The good: This week a young lady hugged me and said "thank you, you help me so much." I will most definitely complain about life as a social worker often, but when I am blessed with moments like these it reminds me why I love my job and refuels me to continue on this crazy journey. Between the paperwork, office politics, struggling to pay the bills, and driving all over town, there are sessions where you are able to truly connect with a client and help them to work through all the hurt that has been imposed on them by parents, grandparents, community members, systems and even themselves. The children I have worked with have taught me more about the world than all the higher education I obtained has. Children are more resilient than we give them credit for and they prove it to me every day. Many of them have endured unimaginable experiences and develop incredible coping skills in order to manage their worlds. My experience is that adults tend to believe that children are not aware of what is going on around them... and adults are usually wrong. I have heard children and adolescents discuss family and personal problems in such insightful and mature ways that they often make parents appear ignorant. My hope is to be able to provide a safe space for children and adolescents to cry, laugh, explore, process, tolerate emotions, and build their self-esteem because some kids just don't get this at home. More importantly, I've seen children and adolescents do the work to help themselves cope with seemingly hopeless life circumstances. If you look close enough, children will without a doubt always impress you... that is, if you let them.
The bad: Lately, I have been thinking about what a challenging responsibilty it is to be a parent. One of the worst parts of being a therapist is explaining to a parent that you are going to report them for abusing their child. If you are lucky, they cry instead of scream. Mothers will often describe how they never desire to hurt their children, but they become overwhelmed and resort to violence. Sometimes there will be a child that is so difficult and out of control that you can empathize with the parent even if when you don't agree with their methods. You listen to them share their own trauma narrative of their childhood. I can't help but think to myself, well these people didn't know any better. These parents are abused children themselves. Abusive parents generally have not been able to process their own feelings about the abuse they have endured. This is especially common with parents who have immigrated from other countries. Some cultures indicate to parents that it is not only ok, but normal to physically abuse your child. Upon arrival in the US, the rules have immediately changed and they often don't even know it. Their children acculturate to Americanized ideals and values learned in schools and communities that often contradict their traditional ones from their place of origin. I am the white woman who has reported them to the authorities. I have to remind myself that these laws protect these children and hopefully a report will stop abuse or provide support in some way for overwhelmed parents. Being a therapist in this population is challenging. I cannot imagine the burden that state social workers have of deciding whether an abused child should stay in their home or be removed. I admire social workers who work hard to keep these kids safe, so that I don't have to. (there is an abundance of bad decision making on the part of these workers as well, which I'm sure will come up in a later post)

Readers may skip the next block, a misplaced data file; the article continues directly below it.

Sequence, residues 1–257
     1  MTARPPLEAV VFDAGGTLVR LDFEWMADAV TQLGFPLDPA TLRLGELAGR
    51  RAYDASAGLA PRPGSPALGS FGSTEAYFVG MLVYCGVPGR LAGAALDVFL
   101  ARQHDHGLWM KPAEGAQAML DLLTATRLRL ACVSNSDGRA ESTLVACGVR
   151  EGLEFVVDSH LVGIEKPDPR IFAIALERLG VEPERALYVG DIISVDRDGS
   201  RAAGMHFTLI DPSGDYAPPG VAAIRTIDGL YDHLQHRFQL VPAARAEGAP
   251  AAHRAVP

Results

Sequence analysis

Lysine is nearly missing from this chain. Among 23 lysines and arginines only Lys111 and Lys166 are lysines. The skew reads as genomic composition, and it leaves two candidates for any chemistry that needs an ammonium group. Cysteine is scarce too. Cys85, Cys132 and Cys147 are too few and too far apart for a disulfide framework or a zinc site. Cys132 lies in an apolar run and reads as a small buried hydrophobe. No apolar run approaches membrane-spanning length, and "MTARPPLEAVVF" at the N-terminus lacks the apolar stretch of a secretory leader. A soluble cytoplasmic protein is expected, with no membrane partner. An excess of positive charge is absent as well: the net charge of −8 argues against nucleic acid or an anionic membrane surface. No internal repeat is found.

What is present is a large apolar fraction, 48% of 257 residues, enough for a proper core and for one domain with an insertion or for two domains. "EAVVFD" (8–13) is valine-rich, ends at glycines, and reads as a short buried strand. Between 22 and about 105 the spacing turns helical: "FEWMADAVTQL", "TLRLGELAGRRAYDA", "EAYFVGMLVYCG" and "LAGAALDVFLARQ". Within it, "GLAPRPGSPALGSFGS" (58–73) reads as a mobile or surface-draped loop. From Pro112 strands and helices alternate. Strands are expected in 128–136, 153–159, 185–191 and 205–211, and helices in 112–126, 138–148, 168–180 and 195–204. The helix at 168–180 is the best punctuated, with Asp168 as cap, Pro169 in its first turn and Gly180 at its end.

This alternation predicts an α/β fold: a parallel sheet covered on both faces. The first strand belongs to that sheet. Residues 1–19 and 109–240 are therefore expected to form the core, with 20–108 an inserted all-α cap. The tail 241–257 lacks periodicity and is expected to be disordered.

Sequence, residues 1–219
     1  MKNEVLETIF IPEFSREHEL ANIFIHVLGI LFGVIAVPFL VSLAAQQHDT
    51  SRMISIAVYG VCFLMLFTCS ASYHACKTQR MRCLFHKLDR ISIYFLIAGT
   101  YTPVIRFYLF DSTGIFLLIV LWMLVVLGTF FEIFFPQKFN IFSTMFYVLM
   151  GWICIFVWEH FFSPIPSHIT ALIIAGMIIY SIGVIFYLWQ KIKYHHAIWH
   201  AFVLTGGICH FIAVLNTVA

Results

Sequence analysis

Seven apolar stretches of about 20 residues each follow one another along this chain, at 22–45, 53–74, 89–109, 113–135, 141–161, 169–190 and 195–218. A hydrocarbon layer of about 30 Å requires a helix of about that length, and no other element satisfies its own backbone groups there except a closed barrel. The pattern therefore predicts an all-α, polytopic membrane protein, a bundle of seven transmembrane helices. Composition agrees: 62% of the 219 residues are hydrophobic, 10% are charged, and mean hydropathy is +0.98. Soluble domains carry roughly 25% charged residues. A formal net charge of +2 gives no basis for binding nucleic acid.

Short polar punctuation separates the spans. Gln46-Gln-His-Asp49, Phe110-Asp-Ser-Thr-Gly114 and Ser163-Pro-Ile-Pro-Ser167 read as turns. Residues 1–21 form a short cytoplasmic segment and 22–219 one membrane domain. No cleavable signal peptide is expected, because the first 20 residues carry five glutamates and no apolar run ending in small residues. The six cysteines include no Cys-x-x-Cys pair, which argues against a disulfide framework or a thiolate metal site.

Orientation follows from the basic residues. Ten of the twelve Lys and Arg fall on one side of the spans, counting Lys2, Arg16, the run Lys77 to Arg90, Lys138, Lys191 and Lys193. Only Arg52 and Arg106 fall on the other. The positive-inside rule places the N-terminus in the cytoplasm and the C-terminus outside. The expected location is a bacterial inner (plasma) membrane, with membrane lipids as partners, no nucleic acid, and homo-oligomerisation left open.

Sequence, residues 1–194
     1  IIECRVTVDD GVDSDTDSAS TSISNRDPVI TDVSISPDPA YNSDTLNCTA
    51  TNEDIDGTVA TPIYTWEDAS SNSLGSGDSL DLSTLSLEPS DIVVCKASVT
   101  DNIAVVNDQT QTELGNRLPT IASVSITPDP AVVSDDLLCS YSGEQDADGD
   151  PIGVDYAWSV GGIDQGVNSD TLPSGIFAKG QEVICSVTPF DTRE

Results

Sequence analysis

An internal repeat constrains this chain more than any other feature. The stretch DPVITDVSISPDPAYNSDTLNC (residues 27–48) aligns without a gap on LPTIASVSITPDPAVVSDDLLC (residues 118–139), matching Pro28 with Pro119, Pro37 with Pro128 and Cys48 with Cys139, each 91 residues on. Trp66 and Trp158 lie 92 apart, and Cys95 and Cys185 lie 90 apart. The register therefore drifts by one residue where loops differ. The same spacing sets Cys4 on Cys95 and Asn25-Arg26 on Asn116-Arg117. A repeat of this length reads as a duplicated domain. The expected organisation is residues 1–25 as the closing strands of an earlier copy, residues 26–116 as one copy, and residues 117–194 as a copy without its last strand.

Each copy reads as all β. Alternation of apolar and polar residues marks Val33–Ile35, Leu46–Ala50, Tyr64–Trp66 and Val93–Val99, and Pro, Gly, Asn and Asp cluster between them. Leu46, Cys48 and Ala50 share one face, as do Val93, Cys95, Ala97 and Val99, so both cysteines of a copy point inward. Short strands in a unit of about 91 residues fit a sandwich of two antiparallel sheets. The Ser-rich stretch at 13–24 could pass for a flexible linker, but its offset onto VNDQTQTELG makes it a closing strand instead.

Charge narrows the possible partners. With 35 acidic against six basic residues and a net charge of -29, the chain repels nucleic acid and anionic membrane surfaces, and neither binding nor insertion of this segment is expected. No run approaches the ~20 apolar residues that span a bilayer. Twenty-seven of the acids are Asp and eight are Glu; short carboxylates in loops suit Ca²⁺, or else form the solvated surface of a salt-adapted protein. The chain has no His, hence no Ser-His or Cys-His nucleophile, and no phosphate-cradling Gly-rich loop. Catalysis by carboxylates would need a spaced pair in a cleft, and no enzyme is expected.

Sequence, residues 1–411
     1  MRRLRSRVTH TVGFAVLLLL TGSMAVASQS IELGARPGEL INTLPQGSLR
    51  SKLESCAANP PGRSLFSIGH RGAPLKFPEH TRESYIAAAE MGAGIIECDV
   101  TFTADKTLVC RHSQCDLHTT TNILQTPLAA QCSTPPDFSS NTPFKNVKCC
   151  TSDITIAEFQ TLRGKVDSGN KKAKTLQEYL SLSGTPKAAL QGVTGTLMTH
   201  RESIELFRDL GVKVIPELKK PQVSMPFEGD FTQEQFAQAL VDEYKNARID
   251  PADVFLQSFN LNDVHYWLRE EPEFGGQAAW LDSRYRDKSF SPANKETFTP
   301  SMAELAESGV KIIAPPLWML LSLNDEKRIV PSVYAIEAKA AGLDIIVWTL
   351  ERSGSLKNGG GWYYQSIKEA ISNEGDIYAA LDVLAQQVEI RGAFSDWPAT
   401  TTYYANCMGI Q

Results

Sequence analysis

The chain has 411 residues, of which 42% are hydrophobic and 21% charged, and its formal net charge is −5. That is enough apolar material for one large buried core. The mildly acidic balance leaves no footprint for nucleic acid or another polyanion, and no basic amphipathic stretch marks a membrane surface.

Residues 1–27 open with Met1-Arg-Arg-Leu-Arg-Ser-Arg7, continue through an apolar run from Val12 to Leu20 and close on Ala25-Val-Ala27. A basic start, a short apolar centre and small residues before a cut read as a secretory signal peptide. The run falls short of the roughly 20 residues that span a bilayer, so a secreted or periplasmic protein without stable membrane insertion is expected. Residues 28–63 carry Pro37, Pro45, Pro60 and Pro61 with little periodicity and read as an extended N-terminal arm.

The ugly: The ugliest thing about my job is listening to children describe the awful things that adults have done to them. Children trust the adults in their lives to protect them and they are repeatedly disappointed. Ironically, no matter how severe the abuse, most of the children defend their abuser and want to remain with them (especially if it is a parent). These wounded children grow up to be unhealthy and dysfunctional adults and then parents... and so the cycle continues. When adults take advantage of children, children are not only robbed of their childhood, but also their chance of having a healthy adulthood is decreased. One child molester who Oprah interviewed stated that his actions, "killed the person she (his victim) could have been." These abusive adults do not model healthy and supportive relationships and boundaries. Therefore, children grow up with a skewed perception of how relationships should be. Abused children who do not receive any mental health treatment can become our ugliest members of society... they are the drug addicts, prostitutes, rapists, and murders. And to be honest, after listening to what children have endured, it is no surprise to me. All the proof you need is in any drug rehab facility or prison. Take for example the show Intervention. It is almost becomes comical how each and every person on this program has an almost identical past. Every episode a new person discloses their experience of being physically or sexually abused and/or neglected by someone they trusted as a child. Hopefully, through therapy abused children can cope with the ugly things that adults do and end the cycle of abuse.
Child abuse hotline: (800)540-4000